We now turn to the main issue —the district court's summary judgment on Blackburn's failure-to-warn claim. A prescription drug manufacturer has a duty to provide a warning that adequately apprises of the product's risks. Stone v. Smith, Kline & French Lab'ys, 447 So.2d 1301, 1304 (Ala. 1984). Because a prescription drug can be obtained only through an intermediary, such as a doctor, Alabama law assesses the adequacy of the warning by asking whether the warning label adequately warned that intermediary. Wyeth, Inc. v. Weeks, 159 So.3d 649, 673 (Ala. 2014), superseded by statute on other grounds, ALA. CODE § 6-5-530, as recognized in Forest Lab'ys, LLC v. Feheley, 296 So.3d 302 (Ala. 2019). To succeed on a failure-to-adequately-warn claim, a plaintiff must show that the label's inadequacies actually and proximately caused his injury. Gurley v. Am. Honda Motor Co., 505 So.2d 358, 361 (Ala. 1987). That is, the plaintiff must show that curing the label's inadequacies would have altered the prescribing physician's conduct in a way that would have prevented the plaintiff's injury. See Weeks, 159 So.3d at 673; E.R. Squibb & Sons, Inc. v. Cox, 477 So.2d 963, 970 (Ala. 1985).
Blackburn's theory of liability is that Shire provided his doctor inadequate instructions
We agree with Blackburn that the district court erred in the way it viewed the record. We certify the question of whether Alabama law recognizes this cause of action to the Supreme Court of Alabama.
1. The district court overlooked disputes of material fact.
The district court considered three undisputed facts fatal to Blackburn's failure-to-warn claim: first, Ferrante did not read the LIALDA label before prescribing the drug to Blackburn; second, Ferrante never tested Blackburn's renal function; and third, Blackburn did not attend the follow-up appointment. From these three facts, the district court concluded that the label's alleged inadequacies did not cause Blackburn's injuries as a matter of law. Blackburn argues that, despite these facts, genuine issues of material fact exist concerning causation because Ferrante testified that he would have read the label and treated Blackburn differently if the label carried a different warning. We agree with Blackburn.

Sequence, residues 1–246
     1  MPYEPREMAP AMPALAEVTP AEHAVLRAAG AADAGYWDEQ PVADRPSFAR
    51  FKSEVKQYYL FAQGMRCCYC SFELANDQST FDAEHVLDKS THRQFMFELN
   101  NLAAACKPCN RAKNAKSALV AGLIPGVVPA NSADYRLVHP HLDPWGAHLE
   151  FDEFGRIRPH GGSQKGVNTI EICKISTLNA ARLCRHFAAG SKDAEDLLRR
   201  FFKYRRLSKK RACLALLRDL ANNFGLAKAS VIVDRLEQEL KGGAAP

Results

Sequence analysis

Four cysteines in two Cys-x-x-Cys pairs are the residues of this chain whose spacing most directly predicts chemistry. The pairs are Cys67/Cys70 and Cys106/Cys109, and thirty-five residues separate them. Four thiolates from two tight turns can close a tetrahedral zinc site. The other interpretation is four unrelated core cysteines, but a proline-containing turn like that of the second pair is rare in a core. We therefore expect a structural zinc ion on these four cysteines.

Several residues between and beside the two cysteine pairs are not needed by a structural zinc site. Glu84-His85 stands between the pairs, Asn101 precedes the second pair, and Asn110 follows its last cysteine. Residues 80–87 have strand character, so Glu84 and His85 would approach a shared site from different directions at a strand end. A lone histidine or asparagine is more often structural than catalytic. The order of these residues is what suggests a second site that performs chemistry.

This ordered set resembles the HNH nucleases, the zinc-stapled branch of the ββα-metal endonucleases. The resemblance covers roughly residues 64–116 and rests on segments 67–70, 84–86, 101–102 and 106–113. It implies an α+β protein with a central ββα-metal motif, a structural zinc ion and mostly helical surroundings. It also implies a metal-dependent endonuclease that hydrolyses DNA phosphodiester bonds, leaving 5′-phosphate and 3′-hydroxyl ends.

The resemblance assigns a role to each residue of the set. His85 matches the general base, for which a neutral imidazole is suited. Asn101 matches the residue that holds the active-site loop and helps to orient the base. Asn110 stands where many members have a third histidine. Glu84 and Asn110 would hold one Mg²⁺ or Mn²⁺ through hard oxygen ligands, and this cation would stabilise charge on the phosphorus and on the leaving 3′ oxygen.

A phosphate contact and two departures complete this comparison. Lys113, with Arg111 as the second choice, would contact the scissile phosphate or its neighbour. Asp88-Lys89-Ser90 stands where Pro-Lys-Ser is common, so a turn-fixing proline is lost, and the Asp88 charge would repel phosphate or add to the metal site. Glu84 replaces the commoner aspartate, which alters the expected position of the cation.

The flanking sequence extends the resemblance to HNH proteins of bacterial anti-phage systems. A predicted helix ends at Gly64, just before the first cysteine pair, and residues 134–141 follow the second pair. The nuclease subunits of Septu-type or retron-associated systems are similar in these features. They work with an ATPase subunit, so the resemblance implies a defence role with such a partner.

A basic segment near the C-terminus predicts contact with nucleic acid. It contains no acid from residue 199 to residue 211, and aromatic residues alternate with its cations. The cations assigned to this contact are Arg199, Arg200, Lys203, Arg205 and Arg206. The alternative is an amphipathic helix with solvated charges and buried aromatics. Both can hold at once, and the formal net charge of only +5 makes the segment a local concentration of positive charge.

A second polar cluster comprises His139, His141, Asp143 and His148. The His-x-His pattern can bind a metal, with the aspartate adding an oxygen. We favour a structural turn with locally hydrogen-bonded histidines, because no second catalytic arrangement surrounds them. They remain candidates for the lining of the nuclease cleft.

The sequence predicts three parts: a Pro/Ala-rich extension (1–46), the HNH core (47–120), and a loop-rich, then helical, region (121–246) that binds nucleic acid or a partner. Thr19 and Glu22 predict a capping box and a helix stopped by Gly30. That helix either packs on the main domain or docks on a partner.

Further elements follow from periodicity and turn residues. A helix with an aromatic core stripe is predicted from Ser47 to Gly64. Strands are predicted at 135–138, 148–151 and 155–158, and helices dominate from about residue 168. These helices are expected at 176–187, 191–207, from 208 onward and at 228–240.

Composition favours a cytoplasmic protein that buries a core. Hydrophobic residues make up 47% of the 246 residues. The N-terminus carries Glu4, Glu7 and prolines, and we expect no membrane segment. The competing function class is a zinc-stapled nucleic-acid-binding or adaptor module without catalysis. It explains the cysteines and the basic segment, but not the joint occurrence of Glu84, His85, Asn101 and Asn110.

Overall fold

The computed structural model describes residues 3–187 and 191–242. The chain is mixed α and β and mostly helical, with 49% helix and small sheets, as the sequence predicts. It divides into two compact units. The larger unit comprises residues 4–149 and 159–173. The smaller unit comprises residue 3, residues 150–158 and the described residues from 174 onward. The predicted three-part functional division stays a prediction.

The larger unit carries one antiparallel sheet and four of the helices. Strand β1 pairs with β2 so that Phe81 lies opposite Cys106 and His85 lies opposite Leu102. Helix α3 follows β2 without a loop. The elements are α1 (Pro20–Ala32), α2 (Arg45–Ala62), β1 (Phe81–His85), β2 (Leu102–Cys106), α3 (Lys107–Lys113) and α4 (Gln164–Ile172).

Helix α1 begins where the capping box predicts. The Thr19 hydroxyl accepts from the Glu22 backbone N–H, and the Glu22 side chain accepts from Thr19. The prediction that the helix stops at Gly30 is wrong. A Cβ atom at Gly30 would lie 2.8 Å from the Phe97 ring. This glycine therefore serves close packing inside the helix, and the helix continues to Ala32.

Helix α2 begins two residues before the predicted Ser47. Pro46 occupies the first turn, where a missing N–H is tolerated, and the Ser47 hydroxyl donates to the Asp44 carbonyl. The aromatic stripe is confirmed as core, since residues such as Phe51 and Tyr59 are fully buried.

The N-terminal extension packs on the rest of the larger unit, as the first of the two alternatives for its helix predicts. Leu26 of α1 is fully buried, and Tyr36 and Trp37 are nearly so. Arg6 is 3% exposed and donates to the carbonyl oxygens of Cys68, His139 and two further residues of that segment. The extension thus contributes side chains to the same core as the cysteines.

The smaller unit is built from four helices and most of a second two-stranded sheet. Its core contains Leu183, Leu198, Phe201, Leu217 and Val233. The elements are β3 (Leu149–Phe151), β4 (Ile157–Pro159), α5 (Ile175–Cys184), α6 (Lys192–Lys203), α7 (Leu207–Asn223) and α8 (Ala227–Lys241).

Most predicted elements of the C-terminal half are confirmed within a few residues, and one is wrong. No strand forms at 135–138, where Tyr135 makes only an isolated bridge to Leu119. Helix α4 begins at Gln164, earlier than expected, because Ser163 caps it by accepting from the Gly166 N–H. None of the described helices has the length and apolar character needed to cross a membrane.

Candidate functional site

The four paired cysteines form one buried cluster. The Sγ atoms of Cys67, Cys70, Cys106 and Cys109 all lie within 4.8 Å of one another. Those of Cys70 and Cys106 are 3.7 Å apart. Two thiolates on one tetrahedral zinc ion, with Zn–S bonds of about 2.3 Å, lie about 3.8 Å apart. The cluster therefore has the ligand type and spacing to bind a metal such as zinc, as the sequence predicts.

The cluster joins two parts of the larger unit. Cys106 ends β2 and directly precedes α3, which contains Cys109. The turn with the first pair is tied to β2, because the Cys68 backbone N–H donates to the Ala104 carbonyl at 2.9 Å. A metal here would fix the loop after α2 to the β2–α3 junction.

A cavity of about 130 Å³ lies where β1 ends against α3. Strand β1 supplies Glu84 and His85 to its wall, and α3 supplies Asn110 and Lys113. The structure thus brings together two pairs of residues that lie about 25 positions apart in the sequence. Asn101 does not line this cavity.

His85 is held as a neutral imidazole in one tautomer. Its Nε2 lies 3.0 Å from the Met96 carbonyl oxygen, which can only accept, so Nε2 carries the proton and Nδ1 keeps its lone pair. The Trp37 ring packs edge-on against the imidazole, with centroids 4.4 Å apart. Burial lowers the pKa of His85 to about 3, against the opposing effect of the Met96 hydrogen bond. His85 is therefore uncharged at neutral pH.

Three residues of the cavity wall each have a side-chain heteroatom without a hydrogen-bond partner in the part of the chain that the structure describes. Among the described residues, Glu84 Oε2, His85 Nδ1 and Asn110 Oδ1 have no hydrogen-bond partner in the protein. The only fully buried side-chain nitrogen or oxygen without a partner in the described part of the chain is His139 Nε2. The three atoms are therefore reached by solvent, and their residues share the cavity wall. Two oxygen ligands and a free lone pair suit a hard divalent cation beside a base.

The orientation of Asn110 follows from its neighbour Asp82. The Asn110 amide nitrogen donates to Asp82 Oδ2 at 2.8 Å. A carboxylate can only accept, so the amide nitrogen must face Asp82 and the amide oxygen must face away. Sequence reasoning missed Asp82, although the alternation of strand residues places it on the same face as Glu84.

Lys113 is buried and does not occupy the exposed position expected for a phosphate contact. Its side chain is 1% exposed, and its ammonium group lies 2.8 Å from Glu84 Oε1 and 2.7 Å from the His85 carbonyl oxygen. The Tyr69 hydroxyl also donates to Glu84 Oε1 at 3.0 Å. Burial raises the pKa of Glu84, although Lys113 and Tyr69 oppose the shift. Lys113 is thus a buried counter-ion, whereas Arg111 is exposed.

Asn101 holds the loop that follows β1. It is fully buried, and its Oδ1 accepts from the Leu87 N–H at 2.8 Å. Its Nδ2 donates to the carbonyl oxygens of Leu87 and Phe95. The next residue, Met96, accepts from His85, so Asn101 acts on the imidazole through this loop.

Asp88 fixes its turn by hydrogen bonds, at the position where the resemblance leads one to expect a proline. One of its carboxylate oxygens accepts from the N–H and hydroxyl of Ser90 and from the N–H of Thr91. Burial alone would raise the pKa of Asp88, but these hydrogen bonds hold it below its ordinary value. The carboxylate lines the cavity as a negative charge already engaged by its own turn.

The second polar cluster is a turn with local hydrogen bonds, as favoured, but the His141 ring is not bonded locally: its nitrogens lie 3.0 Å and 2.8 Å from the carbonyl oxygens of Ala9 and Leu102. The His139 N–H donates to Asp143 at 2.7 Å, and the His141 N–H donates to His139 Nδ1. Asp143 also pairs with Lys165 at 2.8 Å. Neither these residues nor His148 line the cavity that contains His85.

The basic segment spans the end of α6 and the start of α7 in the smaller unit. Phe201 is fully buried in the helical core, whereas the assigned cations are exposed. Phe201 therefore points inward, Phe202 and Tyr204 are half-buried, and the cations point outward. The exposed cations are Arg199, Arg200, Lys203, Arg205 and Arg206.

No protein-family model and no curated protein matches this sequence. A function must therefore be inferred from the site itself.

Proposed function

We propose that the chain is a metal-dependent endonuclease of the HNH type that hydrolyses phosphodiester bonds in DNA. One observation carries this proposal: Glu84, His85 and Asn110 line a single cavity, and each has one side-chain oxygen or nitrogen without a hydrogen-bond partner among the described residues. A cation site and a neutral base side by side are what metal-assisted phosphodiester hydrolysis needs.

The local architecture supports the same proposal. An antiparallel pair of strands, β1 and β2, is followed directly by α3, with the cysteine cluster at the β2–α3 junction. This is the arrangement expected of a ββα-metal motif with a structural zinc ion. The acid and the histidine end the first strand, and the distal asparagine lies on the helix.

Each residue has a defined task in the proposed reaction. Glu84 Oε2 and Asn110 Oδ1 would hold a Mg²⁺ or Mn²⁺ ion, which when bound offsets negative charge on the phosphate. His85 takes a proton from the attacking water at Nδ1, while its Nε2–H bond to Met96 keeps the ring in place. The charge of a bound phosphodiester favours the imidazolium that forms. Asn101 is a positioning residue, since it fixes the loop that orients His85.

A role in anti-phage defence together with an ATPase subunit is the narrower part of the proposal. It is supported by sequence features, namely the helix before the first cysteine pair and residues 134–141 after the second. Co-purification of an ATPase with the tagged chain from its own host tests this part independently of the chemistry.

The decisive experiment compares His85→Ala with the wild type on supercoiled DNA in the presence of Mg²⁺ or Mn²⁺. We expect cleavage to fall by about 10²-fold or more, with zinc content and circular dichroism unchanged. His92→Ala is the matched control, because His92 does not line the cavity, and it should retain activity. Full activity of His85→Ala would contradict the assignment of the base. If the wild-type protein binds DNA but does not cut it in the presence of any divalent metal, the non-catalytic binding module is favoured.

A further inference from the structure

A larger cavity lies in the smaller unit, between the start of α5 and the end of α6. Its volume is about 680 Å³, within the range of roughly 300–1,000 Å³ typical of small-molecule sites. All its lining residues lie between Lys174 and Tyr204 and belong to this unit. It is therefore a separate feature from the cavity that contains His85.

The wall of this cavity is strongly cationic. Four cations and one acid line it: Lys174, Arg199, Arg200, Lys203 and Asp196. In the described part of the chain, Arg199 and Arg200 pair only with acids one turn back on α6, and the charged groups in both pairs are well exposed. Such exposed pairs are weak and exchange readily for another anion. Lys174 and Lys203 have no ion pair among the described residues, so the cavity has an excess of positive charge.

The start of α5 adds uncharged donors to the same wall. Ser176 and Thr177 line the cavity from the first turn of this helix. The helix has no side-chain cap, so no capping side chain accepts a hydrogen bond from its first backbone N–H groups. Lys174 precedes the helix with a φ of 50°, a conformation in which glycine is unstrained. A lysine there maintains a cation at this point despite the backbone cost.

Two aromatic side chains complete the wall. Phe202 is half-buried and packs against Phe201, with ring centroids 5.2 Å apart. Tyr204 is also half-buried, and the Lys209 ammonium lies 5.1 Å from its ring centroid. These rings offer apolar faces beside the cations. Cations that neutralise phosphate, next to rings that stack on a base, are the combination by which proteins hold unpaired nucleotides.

As to the first issue, we believe the district court misunderstood Ferrante's testimony about reading the label. Although Ferrante testified that he did not actually look at the LIALDA label before prescribing it to Blackburn, he also testified that he had prescribed the medication before, he was familiar with its existing label, and he knew that renal function should be monitored periodically. He explained that he complied with his interpretation of the label's instructions. And he said he would have followed a different label. In other words, this is not a case where the label's warning did not matter to the physician. It is instead a case where the existing label's warning was so well known to the physician that he did not read it before each new prescription.
The district court dismissed Ferrante's testimony about whether he would have read and incorporated a different label into his practices as "unsubstantiated speculation" and "self-interested" testimony. We disagree. Shire argues that Blackburn cannot create a genuine issue of material fact by speculating about whether he and Ferrante would have complied with a monthly monitoring instruction. We agree that a party may not avoid summary judgment by offering only his own speculation about a material fact. See, e.g., Cordoba v. Dillard's, Inc., 419 F.3d 1169, 1181 (11th Cir. 2005). But that is not what Blackburn has done.